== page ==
Which Diet Is Best For You?
There are literally thousands of diets to choose from, because in one-way or another, nearly everyone has struggled with weight loss, malnutrition, or unexpected changes to their body.
Within these many options, some are better for losing weight, while others are meant for gaining weight. There are some meant to help with cholesterol, and even a handful to help get rid of those last unwanted pounds when another diet plateaus.
Generally speaking, a diet works best when the dieter is well educated on the meal plan and has a scheduled routine they can follow within their lifestyle. Let’s first discuss the basics of the ketogenic diet and then we’ll compare it to other top diets.
What Is The Ketogenic Diet?
In what began as a treatment for epilepsy, the ketogenic diet quickly uncovered many other uses for medical professionals to explore. Essentially, it involves lowering one’s carbohydrate intake while upping fat intake. This allows for the body to burn fat as fuel, instead of relying on carbs as fuel.
The fats on the diet come from avocados, coconuts, Brazil nuts, seeds, oily fish, and virgin olive oil, but can also come in the form of grass-fed butter, such as within bulletproof coffee.
After a few days, the diet causes fat deposits in the body to breakdown for fuel, which means the body has moved into a state of ketosis where it begins to burn off ketones. Ironically, this is similar to what happens after a week of juicing.
There is promising research for those in the diet trying to manage diabetes, metabolic health, body composition change or weight loss, but a medical professional should be consulted as ketoacidosis could drastically harm those with type 1 diabetes.
Keto vs. Atkins
At first, many will think that the ketogenic diet sounds like the infamous Atkins diet. Both focus on low carbohydrates, but ketogenic also focuses on high fats, which change the way the body functions.
The Atkins diet tries to focus on controlling the insulin levels in the body through a low-carbohydrate intake. This diet also works within stages, so a first stage would involve less than 20g of carbohydrates, but some fruits can be added in a later stage.
When a person consumes refined carbohydrates, their insulin levels can change rapidly but the body mainly lives off glucose rather than ketones. But, in level one, the body will likely enter a state of ketosis after a few days on Atkins.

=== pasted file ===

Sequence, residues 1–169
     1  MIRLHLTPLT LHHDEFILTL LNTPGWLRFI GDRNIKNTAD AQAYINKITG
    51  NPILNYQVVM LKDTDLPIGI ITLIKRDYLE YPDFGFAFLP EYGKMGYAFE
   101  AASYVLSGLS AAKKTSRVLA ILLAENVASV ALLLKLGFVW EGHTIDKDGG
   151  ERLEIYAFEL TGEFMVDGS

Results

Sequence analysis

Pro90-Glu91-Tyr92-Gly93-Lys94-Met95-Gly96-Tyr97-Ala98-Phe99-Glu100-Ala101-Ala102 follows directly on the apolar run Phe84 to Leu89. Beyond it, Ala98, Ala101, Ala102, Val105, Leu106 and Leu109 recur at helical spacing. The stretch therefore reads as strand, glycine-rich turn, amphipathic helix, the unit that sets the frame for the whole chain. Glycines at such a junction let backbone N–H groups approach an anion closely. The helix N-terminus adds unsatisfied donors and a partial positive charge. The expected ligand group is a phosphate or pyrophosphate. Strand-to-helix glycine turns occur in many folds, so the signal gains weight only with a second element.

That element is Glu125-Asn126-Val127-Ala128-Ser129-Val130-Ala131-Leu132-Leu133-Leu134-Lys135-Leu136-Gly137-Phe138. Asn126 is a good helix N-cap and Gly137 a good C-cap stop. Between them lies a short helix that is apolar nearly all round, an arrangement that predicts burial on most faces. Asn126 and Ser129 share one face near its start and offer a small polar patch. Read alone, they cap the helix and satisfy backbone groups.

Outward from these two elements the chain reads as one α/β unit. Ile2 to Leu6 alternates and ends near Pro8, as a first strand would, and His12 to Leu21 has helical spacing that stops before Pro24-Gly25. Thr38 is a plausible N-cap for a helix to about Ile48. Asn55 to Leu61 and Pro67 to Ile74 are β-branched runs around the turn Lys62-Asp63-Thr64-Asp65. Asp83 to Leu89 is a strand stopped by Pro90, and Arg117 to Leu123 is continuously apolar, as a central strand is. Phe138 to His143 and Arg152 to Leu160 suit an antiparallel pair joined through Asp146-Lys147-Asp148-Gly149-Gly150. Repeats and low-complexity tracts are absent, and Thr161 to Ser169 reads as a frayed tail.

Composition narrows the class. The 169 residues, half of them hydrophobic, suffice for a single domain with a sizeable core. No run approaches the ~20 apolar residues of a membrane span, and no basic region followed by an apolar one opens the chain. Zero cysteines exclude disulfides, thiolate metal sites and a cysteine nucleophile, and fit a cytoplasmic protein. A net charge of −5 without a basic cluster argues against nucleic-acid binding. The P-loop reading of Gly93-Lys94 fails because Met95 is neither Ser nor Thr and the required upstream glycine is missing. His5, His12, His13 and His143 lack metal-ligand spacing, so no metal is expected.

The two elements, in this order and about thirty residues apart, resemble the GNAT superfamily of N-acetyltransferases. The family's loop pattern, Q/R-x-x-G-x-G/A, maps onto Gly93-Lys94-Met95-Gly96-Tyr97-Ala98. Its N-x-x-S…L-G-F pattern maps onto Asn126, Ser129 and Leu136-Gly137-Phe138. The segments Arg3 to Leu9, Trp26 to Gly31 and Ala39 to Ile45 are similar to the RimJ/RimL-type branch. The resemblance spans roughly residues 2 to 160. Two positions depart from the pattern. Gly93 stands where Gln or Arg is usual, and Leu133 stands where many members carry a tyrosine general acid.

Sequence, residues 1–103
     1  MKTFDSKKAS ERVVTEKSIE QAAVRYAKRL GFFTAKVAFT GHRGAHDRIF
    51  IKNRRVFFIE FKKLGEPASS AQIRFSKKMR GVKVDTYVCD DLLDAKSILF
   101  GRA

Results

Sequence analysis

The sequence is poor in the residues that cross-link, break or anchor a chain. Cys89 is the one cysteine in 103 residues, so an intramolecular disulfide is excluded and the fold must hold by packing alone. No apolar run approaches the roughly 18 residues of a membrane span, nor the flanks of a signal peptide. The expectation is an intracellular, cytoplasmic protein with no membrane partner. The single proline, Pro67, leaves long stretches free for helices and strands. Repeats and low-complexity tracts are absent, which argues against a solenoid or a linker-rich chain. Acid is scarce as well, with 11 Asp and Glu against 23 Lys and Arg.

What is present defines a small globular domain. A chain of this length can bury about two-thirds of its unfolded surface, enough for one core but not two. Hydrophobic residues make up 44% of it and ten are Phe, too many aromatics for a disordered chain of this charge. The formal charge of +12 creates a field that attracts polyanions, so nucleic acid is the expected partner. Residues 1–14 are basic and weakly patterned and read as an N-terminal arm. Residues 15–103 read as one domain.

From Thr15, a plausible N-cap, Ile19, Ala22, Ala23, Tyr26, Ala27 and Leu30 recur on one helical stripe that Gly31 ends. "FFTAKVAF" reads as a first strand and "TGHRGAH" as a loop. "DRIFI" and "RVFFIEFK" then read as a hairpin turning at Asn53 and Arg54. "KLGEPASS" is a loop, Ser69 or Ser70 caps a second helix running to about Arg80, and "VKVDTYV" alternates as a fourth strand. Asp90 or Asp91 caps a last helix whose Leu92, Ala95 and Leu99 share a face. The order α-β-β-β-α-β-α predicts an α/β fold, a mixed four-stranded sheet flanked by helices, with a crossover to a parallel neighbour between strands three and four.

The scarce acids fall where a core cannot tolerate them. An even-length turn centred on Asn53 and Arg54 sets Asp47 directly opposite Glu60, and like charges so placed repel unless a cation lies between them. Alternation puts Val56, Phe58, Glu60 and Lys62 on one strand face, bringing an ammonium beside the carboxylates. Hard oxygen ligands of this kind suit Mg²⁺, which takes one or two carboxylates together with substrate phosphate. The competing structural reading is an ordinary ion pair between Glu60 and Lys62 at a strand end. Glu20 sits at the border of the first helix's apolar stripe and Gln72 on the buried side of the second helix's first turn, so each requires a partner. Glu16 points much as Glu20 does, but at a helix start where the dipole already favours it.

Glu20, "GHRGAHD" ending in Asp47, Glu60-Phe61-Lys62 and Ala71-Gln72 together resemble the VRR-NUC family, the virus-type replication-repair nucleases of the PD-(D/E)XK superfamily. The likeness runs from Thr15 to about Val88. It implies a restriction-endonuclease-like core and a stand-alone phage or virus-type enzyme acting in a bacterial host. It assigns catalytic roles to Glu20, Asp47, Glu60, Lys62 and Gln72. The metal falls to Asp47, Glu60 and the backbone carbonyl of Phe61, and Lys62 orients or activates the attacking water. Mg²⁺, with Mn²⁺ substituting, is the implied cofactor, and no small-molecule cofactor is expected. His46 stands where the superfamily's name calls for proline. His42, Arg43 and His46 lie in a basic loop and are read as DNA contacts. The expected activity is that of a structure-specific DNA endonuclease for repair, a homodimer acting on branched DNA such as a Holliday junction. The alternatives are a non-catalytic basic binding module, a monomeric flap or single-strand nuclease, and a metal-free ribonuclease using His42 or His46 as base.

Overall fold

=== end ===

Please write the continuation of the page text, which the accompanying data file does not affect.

Lots of people have found success with Atkins, but for those who also drink artificial sweeteners like diet sodas, it’s possible to plateau. Author Dave Asprey (who coined the Bulletproof Diet) lost around 50 pounds on Atkins, but then switched to Ketogenic to remove the rest of his weight after a long plateau that he believes came from diet sodas.
Keto vs. Mediterranean Diet
The Mediterranean Diet began in Southern Europe, where it focuses on the nutritional habits of those in Southern Italy, Crete, and Greece. Today, Spain, Southern France, and Portugal meals have also been incorporated.
The idea behind this diet focuses on plant foods, fresh fruits, beans, nuts, seeds, olive oil, and grains. Cheese and yogurts are acceptable dairy products and the diet also includes fish, poultry, eggs, along with small amounts of red meats and wine.
Around 30 percent of the diet also includes fats and there’s a great deal of science to back this diet since it’s been around for such a long time. Essentially, the diet began because American scientist Dr. Ancel Keys discovered those living in this region had lower risks of heart disease than those in America.
Keto vs. Paleo Diet
Essentially, the Paleo diet eliminates processed foods to focus on the meals our ancestors ate, which include meats, plants, nuts, and seeds. Like other diets on this list, the goal is to avoid unhealthy, unnatural foods while eating healthy foods.